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Top 5: AI in 2018

Chinese Go player Ke Jie reacts during his second match against Google’s artificial intelligence program AlphaGo at the Future of Go Summit in Wuzhen, Zhejiang province, China May 25, 2017. REUTERS/Stringer

Healthcare

In November, Huiyihuiying, a Chinese medical imaging artificial intelligence company, premiered its new AI Full Cycle Health Management Cloud Platform. The system is composed of two different platforms, one named Breast Cancer AI Full Cycle Health Management Platform, dedicated to the full spectrum of breast cancer diagnosis and treatment, and the second one named AORTIST 2.0 Aorta AI Cloud Platform, focused on choosing cardiac stents and the prognosis of follow-up treatment. The company described the platform at the Chinese Congress of Radiology 2018 as an AI 2.0 technology, improving on previous available technology in the deep integration of AI. This is the most recent application of AI in the healthcare sector, which has already seen the introduction of robotic assistants with learning capabilities as well as automated image scanning for diagnosis.

Law enforcement

Law enforcement is another sector in which artificial intelligence is already disrupting traditional systems. Today, in Spain, police officers are using an AI-powered system to identify false theft claims. Veripol works like a self-learning truth machine, using automatic text analysis to determine falsehoods within both witness and perpetrator statements. According to the team behind the technology, developed as a partnership between Cardiff University and Charles III University of Madrid, Veripol has an 80% accuracy rate for identifying which statements are true and which are false. The system is relevant for law enforcement, as filing false statements is considered a crime in most jurisdictions, but is also of paramount importance for insurance companies that are regularly faced with spurious insurance claims.

Advertising

Many subcategories of AI have influenced the development of self-driving cars in recent years, and Lexus has made use of these opportunities as well. However, the company is also using these technological developments in a less obvious way, namely advertising. In this case, the script of the company’s latest TV ad was fully written by Watson AI, a system developed by IBM. Within the company’s new slogan, “Driven by Intuition,“ the one minute-long ad tells the tale of the hard work the company’s professionals put into bringing the new Lexus ES into the market. The car then proceeds to be driven to the point of destruction, before being saved at the last minute by its new automatic emergency braking system, an example of its intuitive technology.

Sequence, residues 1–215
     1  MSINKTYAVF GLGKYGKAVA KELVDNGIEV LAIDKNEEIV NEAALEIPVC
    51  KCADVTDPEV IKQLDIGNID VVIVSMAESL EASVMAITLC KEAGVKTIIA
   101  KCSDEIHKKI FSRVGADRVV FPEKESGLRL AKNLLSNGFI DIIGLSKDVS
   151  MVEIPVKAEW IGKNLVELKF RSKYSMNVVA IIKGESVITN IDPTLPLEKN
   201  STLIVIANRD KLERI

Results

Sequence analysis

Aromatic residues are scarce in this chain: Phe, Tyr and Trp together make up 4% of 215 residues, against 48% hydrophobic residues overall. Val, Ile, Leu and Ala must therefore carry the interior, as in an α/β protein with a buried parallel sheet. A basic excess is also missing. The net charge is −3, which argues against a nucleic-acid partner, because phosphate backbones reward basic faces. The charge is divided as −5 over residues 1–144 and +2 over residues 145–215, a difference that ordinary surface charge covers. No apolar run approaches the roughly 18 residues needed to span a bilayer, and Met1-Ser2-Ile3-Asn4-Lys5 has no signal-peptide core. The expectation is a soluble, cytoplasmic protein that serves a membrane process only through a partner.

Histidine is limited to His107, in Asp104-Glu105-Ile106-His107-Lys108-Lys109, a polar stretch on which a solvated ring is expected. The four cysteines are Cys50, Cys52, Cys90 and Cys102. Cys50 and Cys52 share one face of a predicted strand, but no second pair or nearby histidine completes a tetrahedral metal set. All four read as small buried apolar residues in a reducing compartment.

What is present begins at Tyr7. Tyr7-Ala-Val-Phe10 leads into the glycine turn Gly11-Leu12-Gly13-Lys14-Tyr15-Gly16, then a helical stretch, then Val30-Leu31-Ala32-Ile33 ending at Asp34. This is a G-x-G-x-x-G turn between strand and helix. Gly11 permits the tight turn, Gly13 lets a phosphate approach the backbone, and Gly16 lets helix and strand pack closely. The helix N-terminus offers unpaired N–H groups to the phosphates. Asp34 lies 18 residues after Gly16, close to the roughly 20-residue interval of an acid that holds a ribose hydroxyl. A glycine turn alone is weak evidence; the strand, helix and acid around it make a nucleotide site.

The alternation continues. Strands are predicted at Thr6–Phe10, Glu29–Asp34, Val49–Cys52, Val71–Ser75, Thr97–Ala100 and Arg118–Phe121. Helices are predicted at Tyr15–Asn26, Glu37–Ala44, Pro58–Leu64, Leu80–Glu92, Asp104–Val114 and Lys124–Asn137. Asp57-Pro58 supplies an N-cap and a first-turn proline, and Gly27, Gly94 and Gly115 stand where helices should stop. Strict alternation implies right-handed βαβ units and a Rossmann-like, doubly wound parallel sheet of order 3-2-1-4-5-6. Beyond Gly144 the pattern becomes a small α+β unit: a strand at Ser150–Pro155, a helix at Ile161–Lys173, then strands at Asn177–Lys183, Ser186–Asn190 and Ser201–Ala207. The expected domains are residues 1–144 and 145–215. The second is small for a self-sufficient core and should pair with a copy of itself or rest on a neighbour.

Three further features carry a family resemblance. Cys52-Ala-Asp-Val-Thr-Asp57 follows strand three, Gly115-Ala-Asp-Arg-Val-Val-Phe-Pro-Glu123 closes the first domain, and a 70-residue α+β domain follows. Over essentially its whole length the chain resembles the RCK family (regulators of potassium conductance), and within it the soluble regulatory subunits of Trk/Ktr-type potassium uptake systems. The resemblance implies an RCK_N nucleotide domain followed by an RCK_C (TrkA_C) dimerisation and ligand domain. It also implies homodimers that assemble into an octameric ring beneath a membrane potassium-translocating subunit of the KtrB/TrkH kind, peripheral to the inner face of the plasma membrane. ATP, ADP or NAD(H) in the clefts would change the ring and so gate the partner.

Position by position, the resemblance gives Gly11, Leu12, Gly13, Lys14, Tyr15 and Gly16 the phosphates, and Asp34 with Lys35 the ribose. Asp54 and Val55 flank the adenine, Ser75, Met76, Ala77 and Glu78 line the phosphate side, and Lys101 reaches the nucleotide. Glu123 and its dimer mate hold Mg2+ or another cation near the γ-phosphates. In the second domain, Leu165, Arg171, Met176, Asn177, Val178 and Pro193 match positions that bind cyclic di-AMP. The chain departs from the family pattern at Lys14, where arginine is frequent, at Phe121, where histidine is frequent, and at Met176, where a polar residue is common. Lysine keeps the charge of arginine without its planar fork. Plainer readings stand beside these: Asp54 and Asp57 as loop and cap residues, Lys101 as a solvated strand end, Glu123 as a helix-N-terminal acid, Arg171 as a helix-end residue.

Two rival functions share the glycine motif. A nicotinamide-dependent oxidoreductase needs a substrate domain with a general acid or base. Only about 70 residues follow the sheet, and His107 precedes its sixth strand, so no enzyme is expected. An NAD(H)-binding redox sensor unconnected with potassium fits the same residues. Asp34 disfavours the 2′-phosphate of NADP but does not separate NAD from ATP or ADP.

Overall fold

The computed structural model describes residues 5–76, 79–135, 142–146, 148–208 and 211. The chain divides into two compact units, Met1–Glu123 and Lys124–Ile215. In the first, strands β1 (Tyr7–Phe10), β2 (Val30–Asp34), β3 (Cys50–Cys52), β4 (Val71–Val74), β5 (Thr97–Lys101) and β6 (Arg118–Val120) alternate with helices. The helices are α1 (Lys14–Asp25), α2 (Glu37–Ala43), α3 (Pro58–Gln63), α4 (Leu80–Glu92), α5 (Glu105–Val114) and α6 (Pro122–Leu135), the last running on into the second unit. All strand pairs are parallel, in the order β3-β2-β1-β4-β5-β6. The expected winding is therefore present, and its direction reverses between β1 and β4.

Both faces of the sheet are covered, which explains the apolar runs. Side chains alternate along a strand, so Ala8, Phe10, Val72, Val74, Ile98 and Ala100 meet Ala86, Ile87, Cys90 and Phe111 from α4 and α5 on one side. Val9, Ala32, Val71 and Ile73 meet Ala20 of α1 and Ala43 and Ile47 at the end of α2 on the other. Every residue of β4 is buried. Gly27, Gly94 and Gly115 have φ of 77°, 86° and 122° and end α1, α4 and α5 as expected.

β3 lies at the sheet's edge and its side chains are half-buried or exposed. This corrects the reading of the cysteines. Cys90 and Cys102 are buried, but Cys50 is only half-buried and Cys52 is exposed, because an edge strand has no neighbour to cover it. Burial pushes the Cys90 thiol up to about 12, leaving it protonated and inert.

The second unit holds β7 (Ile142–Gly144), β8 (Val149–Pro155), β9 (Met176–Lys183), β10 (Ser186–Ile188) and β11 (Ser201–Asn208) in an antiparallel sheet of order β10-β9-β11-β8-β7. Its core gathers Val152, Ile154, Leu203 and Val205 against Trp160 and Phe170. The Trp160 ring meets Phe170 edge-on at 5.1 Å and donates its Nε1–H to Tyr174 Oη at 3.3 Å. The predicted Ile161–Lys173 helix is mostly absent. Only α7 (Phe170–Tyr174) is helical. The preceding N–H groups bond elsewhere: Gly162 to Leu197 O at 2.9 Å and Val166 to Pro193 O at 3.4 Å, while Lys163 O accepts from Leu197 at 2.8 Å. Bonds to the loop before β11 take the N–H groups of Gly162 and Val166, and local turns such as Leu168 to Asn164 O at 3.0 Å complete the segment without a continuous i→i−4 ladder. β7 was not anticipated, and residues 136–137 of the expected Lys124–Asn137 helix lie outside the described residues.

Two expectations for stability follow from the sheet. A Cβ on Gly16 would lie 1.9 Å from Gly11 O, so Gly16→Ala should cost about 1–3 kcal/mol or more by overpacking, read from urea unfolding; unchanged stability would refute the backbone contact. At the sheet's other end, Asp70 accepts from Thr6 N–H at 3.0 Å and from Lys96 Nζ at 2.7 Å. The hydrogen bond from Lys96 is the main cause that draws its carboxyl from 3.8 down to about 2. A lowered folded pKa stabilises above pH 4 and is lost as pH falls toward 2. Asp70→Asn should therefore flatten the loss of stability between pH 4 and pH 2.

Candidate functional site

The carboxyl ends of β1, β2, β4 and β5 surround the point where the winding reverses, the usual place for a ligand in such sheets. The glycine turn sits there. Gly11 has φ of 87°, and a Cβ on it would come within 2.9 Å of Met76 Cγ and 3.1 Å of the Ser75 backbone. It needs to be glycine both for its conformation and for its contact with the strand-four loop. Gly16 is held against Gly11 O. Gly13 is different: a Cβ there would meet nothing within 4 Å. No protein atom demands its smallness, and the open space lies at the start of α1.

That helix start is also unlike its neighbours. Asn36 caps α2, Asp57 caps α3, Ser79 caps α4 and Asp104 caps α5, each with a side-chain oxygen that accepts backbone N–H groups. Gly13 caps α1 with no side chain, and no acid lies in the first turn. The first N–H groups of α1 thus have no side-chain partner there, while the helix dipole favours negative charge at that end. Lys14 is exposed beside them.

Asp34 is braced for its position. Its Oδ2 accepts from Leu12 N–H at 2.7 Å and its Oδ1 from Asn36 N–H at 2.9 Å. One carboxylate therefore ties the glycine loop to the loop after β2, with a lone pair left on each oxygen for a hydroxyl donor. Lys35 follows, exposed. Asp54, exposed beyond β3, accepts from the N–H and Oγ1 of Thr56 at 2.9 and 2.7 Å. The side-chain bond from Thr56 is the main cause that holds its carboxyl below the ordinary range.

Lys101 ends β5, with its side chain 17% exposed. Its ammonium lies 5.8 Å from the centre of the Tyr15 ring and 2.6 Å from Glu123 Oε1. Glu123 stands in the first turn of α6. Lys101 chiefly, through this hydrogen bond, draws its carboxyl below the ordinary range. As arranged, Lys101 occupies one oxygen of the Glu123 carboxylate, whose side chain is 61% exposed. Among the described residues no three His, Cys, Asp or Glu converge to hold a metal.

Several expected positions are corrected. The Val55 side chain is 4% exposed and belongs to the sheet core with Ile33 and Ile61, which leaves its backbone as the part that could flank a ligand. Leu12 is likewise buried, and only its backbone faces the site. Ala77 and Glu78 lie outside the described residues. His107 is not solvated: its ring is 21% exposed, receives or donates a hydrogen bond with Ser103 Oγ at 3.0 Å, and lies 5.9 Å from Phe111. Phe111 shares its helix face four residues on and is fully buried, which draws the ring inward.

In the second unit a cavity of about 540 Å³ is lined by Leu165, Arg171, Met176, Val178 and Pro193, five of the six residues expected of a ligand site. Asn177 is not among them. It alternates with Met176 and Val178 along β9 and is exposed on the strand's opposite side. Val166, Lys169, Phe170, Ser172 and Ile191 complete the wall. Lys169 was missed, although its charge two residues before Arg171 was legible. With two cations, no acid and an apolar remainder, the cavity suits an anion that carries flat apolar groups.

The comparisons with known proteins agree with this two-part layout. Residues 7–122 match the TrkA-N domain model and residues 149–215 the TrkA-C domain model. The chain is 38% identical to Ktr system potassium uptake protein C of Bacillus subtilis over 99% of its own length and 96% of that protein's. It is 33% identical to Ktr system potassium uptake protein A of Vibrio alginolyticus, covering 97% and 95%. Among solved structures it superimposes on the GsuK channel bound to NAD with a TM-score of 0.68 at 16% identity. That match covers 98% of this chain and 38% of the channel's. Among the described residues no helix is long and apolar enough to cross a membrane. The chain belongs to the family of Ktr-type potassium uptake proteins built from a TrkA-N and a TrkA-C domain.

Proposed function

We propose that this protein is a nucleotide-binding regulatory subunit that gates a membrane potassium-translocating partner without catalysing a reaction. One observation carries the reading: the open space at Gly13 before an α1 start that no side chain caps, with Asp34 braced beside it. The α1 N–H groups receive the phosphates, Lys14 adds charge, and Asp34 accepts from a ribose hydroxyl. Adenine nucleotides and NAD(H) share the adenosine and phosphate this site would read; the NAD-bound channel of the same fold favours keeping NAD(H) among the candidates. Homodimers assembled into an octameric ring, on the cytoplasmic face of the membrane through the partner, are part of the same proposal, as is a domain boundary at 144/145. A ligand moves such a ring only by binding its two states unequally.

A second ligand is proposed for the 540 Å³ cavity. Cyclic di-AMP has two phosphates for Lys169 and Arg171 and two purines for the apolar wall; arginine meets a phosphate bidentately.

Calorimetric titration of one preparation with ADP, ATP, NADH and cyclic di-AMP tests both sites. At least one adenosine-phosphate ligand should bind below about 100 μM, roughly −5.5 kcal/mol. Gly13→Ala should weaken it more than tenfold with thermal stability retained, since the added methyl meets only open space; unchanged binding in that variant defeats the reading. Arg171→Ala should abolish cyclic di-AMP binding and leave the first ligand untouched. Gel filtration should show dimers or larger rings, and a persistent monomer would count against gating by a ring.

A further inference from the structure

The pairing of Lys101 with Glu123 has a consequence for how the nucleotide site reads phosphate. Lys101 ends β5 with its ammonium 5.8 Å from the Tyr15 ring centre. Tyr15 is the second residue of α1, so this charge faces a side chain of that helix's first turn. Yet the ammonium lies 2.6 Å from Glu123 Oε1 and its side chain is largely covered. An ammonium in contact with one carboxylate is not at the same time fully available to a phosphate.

Art

Remember the 2004 movie “I, Robot,“ directed by Alex Proyas and featuring Will Smith as robot-sceptic detective called Spooner and a robot called Sonny? At a point in the movie, Spooner turns to Sonny and says “you are just a machine. An imitation of life. […] Can a robot turn a… canvas into a beautiful masterpiece?“ Well, it turns out the answer is a resounding yes, at least according to the anonymous buyer of Portrait of Edmond Belamy, a painting designed by an artificial intelligence system that was sold at auction house Christie’s for an astounding USD432,500 in October 2018. The system behind the painter was designed in a two part algorithm by Paris-based AI art collective Obvious. The painting itself features a blurry and ill defined large man staring toward the audience. At the bottom, the AI signed the piece by printing its base algorithm. While it is unlikely that all AI-powered art pieces will be valued this highly, it seems possible that we are entering an era when machines can both replace human industrial toil as well as compete in creative pursuits.

Suicide prevention

In recent years, Facebook has gone from a tech world super-phenomenon to being perceived as a social network monolith with very questionable corporate practices. Yet, the undisputed leader of online networking has also proved to be fertile ground for testing innovative technologies. In this case Facebook has implemented an AI-powered system to read through user’s posts and those of their friends to try and identify people that give indications of suicidal tendencies. The system has been operational only in the US, and has, so far, identified 3,500 occurrences of people at risk of self-harm. Once situations are flagged, Facebook contacts local emergency responders to check on the person at risk. According to the company’s officials, Facebook contacts emergency responders around ten times per day to respond to this sort of issue, arguably providing an important service to the respective communities.

AI will no doubt continue to have an impact on our lives. For now, we should take note of these advances, which could be the first steps toward a radical transformation of our relationship with technology.

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